unemployed and marginalised or, at best, severely
Advances in technology, it was postulated by some, would go a
way towards removing the drudgery of heavy, physical work, and
remedy our chronic level of unemployment by making it possible
and more of us to compete successfully alongside our
Undoubtedly, some have definitely benefited from this
promise. After all, the development of new technology has
the development of a variety of new industries where some
highly-skilled blind persons now work successfully.
those who predicted that the computer would become our panacea
failed to see the other side of this "double-edged sword," and
are seeing the emergence of new barriers that were unforeseen as
recently as five or ten years ago, that are threatening much of
progress we have made.
Today, the level of unemployment in most western
nations remains high with little or no prospect for significant
improvement. While expanding global trade should help
greater workplace diversity, cutbacks are now the norm as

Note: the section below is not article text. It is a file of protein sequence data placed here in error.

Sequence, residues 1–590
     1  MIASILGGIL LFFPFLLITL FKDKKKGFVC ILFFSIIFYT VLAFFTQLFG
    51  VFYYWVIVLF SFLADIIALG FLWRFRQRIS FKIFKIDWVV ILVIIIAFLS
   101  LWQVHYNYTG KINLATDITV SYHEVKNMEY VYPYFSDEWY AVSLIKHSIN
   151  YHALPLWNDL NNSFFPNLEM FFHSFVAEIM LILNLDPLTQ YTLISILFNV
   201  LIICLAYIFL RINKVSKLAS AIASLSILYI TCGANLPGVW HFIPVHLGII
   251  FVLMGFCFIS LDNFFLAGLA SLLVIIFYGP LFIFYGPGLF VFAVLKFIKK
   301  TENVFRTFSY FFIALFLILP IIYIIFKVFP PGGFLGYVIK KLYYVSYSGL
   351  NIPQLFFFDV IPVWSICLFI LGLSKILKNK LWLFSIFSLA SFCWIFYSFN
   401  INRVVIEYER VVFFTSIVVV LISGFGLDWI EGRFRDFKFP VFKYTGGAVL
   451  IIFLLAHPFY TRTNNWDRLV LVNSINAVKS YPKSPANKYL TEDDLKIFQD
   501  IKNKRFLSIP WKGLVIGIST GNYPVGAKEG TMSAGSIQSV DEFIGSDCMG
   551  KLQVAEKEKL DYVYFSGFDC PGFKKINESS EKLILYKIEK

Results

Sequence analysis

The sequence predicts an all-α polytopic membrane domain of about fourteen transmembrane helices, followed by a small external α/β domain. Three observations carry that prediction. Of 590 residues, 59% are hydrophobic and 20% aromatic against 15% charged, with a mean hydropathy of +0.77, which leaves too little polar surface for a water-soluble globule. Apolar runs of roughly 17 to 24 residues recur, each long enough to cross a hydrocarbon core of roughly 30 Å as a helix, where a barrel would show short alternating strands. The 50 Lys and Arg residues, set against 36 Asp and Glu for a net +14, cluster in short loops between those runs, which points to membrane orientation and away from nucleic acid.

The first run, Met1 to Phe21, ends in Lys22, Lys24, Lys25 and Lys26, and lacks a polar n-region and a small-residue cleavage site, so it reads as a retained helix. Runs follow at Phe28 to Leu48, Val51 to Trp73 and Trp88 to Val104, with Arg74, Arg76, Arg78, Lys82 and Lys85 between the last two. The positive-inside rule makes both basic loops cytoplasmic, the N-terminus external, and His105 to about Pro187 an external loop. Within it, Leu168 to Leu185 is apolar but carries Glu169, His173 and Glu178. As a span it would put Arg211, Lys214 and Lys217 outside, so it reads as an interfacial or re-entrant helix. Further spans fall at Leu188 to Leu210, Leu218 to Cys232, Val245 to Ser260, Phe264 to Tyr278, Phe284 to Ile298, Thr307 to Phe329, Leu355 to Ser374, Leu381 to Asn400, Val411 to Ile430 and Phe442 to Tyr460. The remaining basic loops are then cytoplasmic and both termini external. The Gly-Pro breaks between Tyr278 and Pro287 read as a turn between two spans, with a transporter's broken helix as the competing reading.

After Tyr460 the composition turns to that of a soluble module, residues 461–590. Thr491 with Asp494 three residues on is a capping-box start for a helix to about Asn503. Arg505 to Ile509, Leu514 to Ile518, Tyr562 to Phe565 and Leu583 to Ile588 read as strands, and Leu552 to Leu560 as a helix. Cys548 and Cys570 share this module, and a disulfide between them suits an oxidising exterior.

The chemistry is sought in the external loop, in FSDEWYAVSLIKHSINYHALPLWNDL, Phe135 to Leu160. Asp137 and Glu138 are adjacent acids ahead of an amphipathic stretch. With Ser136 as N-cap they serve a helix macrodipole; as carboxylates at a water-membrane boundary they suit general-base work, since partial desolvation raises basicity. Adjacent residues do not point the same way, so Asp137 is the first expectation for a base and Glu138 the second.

try to maximise their profits through the use of an
force. Every day, more and more individuals are being
hired on a
short-term contract basis to work on a specific project.
staff, who often used to provide some of our needed
almost becoming an endangered species and the technology that
supposed to help make us equal is too often put onto the market
necessary access features are even thought about, let alone
the new products.
As we approach the dawn of the 21st century, will even those
fortunate few persons with disabilities continue to be employed,
what will be our prospects? This dilemma leads to an
question: is any individual or Organisation now looking
at these futuristic questions?
Anyone with information, or who would like to discuss these
questions in more detail, please contact me in print, Braille,
tape, no disks please at: 92 Jarvis Street, Apt.
Toronto, Ontario, Canada M5B 2J9. E-mail:
Cad Raskin, Coordinator, Global Applied Disability Research
Information Network on Employment and Training (GLADNET)
Visit GLADNET's Web sites at: HTTP://www.gladnet.org or